Kavita Kanan Chandra
The chair lift passenger ropeway makes for a thrilling ride, a thousand feet above ground, taking you to the Vishwa Shanti Stupa at Ratnagiri hills in Rajgir in Bihar. After circumambulation of the stupa, walk towards the Griddhakuta hill (Vulture's peak), the site of two natural rock-cut caves. This is where Gautam Buddha retreated, stayed and meditated and preached his sermons in the 6th century BCE. Sixty-five km from Gaya, where Buddha attained enlightenment, Rajgir is sacred to the Buddhists.
Archaeological survey, ancient ruins and historical memoirs have shown caves around the world as sites for meditation, shelter, art, burials and worship. In India, among all religions, Buddhism's eternal fascination with caves manifested into some spectacular rock-cut cave art and architecture. The caves provided splendid isolation for meditation, asceticism and frugal lifestyle for the Buddhist monks.
Buddha retreated to the natural caves of Rajgir hills for meditation, thus starting a tradition that continued for over a millennium. The Buddhist texts mentions Indrasala cave where Buddha lived for a while and gave sermons. Embedded in the hills are the seven Saptaparni caves where the first Buddhist council was convened after Buddha's parinirvana (divine death). It was here that Buddhist sacred Tripitika (earliest teachings of Buddhism) was formulated in Pali language in oral tradition.
It was three centuries later that Buddhism found patronage from Emperor Ashoka and along with stupas, Ashoka edicts and monasteries; artificial rock-cut caves were carved in the hills. Just 24 km from Gaya are the caves of Barabar (322-185 BCE) and Nagarjuni hills in Jehanabad district, considered to be the oldest surviving rock-cut caves in India.
Carved from a monolithic granite hill, the caves show great skills of those times with its lustrous polish on interior stones, carved chambers and huge arches. The Lomas Rishi vave has spectacular lattice work carving and rows of elephants paying homage to the stupa on its arched entrance.
The longest cave in India, the limestone Belum caves in Kurnool district is the most famous in Andhra Pradesh. Relics and vessels dating to 4500 BCE indicates the inhabitation of Buddhist monks, who meditated deep down in the labyrinths of the cave.
Several monks fled post the decline of the Mauryan empire and found shelter and patronage from the Satavahanas in Andhra. Several Buddhist rock-cut caves are found near Vishakhapatnam. Several Buddhist caves and sculptures found there indicate that Buddhist monks used them as their residence, athough there are indications of Jain and Hindu presence too. One of the most recent discovery is the Buddhist cave in Dhanamkoda hill in Vijaywada.
Buddhism found patronage from Western Kshatrapas and later Maitraka rulers in Gujarat. Though much is known about Jainism in Gujarat, little is known about Buddhism that flourished during 1st-8th century CE. Hiuen Tsang’s records point to 200 caves in Saurashtra, Vallabhi and Anandpura (Vadnagar).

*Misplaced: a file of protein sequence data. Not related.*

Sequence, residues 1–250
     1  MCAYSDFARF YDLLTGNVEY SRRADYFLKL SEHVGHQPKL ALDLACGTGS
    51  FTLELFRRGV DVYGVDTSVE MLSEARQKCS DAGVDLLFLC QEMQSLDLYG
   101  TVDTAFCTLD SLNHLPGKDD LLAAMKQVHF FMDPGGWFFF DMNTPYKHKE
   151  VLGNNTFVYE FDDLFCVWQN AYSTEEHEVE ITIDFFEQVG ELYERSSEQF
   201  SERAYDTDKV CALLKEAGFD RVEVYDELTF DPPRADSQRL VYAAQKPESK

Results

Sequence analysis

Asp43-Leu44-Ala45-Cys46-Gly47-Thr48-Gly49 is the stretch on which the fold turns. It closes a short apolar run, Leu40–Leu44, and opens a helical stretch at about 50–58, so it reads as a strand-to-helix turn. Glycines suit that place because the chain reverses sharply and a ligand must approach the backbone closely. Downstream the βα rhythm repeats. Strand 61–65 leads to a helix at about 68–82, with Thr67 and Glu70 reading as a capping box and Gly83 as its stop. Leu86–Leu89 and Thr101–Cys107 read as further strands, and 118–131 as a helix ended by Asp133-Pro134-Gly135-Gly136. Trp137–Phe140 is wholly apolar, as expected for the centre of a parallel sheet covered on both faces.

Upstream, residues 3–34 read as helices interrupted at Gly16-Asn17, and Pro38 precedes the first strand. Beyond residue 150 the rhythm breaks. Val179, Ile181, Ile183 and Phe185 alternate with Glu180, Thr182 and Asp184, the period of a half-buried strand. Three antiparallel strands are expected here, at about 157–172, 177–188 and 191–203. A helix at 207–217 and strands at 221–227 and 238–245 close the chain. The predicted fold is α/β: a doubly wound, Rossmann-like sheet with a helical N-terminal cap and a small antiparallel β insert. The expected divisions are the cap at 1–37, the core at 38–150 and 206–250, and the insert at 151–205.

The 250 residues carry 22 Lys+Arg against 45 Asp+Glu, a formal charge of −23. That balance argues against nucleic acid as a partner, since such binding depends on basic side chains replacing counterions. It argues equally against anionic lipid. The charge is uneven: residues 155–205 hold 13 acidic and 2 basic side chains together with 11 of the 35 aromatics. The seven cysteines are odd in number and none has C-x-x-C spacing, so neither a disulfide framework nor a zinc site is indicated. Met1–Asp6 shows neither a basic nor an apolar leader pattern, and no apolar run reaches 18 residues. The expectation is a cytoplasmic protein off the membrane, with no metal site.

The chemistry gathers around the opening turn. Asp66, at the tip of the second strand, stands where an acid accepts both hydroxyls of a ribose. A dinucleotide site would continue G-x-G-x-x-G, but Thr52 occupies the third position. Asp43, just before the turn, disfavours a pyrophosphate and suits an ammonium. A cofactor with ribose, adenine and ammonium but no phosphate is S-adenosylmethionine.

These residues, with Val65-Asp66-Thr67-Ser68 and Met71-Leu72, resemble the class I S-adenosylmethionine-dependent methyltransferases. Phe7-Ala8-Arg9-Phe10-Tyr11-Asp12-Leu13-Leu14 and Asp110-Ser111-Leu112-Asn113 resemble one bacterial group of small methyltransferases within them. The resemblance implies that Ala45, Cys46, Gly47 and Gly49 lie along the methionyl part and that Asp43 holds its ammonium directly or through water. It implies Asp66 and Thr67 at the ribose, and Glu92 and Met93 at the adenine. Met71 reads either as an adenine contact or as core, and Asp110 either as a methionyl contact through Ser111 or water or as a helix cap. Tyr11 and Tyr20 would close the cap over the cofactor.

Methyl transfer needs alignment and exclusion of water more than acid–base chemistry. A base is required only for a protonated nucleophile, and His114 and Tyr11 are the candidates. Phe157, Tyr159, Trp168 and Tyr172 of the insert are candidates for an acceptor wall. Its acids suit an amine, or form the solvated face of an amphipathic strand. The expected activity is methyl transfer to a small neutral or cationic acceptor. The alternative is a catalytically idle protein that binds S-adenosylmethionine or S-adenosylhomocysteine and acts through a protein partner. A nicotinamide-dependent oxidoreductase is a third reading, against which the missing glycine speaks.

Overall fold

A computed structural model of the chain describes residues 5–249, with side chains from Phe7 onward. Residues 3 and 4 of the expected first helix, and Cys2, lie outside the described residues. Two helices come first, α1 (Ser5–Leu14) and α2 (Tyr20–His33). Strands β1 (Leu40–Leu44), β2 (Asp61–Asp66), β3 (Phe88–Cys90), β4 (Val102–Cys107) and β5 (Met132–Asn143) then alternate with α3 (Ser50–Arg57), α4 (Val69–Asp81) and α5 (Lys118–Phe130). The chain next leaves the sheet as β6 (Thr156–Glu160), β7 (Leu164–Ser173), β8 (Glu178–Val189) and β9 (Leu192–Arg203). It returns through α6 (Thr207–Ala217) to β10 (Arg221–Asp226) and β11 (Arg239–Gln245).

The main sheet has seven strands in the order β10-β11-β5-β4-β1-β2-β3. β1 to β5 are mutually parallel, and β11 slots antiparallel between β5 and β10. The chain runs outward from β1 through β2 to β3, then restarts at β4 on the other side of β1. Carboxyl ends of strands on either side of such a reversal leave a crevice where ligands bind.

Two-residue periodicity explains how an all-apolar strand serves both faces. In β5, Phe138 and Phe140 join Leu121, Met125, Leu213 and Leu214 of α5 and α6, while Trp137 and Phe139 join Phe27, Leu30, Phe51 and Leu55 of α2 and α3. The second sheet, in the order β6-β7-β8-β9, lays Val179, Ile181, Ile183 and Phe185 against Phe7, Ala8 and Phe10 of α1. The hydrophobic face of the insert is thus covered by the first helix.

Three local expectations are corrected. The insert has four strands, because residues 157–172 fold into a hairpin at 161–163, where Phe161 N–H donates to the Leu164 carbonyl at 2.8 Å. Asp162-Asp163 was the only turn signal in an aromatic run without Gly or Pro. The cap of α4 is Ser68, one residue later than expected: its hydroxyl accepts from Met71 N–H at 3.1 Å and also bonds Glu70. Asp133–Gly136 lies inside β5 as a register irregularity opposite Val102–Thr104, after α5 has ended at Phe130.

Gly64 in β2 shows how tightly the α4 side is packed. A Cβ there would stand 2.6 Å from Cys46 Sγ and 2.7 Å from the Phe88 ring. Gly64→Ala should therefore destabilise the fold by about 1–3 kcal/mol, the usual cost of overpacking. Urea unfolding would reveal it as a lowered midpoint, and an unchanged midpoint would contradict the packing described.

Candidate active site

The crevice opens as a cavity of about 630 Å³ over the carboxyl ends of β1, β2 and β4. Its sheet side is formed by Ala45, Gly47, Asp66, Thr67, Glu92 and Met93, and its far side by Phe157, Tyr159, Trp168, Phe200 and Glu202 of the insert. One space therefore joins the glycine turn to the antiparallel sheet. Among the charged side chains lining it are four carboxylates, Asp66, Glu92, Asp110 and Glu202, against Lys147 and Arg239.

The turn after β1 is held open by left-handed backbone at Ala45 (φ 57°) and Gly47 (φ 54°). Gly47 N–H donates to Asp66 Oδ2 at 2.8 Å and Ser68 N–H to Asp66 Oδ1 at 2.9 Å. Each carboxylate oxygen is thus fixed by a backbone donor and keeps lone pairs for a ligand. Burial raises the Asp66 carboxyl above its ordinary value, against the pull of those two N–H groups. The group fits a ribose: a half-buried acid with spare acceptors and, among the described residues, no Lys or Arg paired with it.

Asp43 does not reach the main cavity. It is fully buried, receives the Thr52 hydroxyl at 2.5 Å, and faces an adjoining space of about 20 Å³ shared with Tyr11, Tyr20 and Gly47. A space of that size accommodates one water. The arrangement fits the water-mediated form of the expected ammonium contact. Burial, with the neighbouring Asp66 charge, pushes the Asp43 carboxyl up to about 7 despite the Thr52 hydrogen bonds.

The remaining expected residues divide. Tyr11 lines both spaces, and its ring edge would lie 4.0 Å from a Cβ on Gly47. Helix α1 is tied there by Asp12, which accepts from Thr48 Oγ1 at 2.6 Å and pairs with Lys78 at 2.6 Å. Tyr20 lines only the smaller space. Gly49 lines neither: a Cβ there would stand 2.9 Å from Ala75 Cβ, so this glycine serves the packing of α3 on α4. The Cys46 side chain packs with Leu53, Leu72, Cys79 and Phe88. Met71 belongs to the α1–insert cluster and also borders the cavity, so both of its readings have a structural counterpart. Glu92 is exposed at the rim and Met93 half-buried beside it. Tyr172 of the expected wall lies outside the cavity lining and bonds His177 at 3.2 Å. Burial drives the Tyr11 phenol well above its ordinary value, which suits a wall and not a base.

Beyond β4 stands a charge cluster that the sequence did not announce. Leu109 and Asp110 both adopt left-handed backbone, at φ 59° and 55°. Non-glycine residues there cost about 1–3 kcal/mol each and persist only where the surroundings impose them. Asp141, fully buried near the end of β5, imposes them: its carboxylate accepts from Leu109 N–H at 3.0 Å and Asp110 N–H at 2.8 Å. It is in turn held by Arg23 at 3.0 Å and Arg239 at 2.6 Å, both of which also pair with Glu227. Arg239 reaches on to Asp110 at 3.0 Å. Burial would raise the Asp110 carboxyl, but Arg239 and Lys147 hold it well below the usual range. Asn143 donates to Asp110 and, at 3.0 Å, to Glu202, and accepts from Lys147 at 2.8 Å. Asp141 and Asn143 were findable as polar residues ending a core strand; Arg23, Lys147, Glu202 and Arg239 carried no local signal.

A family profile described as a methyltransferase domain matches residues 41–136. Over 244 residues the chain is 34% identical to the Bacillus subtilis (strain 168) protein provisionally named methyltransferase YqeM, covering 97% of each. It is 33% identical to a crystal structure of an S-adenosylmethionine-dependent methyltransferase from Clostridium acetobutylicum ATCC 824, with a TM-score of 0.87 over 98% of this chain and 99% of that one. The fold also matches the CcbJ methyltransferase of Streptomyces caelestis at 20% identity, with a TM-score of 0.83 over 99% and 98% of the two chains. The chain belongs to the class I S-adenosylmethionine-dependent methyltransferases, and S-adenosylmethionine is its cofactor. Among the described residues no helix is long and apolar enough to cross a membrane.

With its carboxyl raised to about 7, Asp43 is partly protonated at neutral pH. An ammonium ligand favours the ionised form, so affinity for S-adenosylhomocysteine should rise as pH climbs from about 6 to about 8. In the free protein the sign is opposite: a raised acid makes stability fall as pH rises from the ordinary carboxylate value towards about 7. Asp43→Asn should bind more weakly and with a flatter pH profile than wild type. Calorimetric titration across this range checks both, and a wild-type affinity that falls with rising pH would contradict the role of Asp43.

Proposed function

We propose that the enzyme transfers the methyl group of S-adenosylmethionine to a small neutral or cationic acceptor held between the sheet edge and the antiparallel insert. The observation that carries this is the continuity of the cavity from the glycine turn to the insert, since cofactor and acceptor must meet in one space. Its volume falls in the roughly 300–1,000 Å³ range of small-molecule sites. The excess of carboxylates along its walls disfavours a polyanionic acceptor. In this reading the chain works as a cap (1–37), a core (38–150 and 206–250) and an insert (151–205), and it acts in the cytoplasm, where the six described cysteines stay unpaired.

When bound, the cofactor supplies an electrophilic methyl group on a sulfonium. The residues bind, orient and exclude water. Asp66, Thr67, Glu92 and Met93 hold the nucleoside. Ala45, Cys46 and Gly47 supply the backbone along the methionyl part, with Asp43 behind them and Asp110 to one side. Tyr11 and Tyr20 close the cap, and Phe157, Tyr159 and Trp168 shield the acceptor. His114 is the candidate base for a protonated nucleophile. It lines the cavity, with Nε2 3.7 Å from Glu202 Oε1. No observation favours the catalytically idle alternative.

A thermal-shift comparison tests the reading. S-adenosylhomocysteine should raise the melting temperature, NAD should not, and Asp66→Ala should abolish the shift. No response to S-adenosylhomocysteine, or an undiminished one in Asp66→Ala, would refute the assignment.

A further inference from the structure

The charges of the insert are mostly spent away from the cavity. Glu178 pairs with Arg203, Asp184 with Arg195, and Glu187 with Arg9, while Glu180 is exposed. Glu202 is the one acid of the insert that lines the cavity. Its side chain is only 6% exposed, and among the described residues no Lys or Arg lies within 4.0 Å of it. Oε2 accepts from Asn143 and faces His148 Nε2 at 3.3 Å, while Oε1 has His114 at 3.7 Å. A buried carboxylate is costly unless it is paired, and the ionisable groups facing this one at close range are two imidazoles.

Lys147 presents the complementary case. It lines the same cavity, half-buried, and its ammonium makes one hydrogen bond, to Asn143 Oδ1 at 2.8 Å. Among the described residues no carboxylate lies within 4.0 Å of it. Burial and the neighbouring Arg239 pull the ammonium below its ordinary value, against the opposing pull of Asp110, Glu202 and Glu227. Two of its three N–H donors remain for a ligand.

Two of the oldest Buddhist caves in Saurashtra were found in Khapra-Kodiya and Baba Pyara. There are many caves around Junagadh and coastal belt. Caves of Sana (Amreli) and Talaja (near Bhavnagar), date 5th century BCE to 2nd century CE, are among the oldest in India. In Kutch are the Siyot caves of Lakhpat village and the limestone Khambalida caves (near Gondal) with the carvings of Bodhisattvas.
Historians say Buddhism came to Gujarat via sea route through Maharashtra, so most early caves are in coastal Gujarat and in and around Junagadh. Among the oldest is the Khapra Kodiya caves. The roads leading to the secluded caves goes through the unkempt streets of old Junagadh city. Situated on the quiet outskirts, it had also been the site for a horror film shoot, though there is nothing spooky about it. The caves are carved out in an east west longitudinal ridge. The architecture is simple with no images or carvings. There's a L-shape monk residence and a water tank.
The caves in the Uparkot fort, too, have an advance water tank. The much-frequented caves have three-storeys of cells and carved pillars. As you enter the narrow passage into the cells, you find them well-ventilated with ample sunlight and cool air.
Rajasthan and Madhya Pradesh
In the popular imagery of forts and havelis in Rajasthan, the various Buddhist caves in the laterite hills of eastern Jhalawar district remain unnoticed by tourists. From plain rock-cut caves of Hathya Gaud and Binayaga to much more elaborate with life size Buddha carvings, stupas and chaitya are the 50 cave complex of Kolvi. With time, most caves crumbled but those intact show skilled carvings.
The historians ponder whether these cave sites were part of the Buddhist community that lived in Dhamnar (in Madhya Pradesh). One of the sites, Saru-Maru caves in Sehore district, are considered as examples of transition from natural to artificial as rock-cut stairs and benches for monks are seen. Though caves are simple, some engravings of Buddhist symbols of kalasa, triratna and swastika are present. A trekking through the lush green forest of Satpura is required to visit these caves, a delight for nature lovers and those interested in birdwatching.
Buddhist caves abound in the western ghats. The basalt rocks and the hilly topography was ideal for cave building. The first wave of caves is from 2nd century BCE-4th century CE, belonging to Hinayana Buddhism that included caves of Kanheri, Karla, Bhaja and Bedse. The last three caves have similar architecture with apsidal plan and vaulted roof. Taking a flight of 150 stairs to Karla cave provide spectacular sight of lush green western ghats with series of small waterfalls during monsoon. It is more crowded though; Bhaja and Bedse are less frequented and equally serene and enchanting.